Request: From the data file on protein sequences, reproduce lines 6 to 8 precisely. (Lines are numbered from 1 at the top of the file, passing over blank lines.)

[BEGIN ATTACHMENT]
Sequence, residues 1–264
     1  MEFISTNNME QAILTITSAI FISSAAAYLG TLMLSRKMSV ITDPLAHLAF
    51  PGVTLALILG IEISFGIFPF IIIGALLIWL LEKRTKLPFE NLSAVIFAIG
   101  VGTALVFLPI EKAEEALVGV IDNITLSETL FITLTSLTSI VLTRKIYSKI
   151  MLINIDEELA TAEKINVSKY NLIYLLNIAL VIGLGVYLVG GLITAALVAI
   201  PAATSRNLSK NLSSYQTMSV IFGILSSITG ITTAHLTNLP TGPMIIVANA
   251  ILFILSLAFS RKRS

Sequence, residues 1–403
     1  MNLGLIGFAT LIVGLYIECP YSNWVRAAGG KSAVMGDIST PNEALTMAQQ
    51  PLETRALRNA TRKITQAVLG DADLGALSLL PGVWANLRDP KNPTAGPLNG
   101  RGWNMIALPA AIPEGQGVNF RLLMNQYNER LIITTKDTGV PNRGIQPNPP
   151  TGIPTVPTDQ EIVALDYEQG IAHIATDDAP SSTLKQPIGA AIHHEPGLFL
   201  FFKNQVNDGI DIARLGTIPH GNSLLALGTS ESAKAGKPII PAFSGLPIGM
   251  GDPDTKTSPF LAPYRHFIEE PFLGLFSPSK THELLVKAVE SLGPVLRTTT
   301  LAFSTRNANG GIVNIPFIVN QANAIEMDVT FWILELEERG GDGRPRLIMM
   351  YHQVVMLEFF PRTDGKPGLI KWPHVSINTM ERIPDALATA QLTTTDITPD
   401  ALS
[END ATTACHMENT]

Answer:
   201  PAATSRNLSK NLSSYQTMSV IFGILSSITG ITTAHLTNLP TGPMIIVANA
   251  ILFILSLAFS RKRS

Sequence, residues 1–403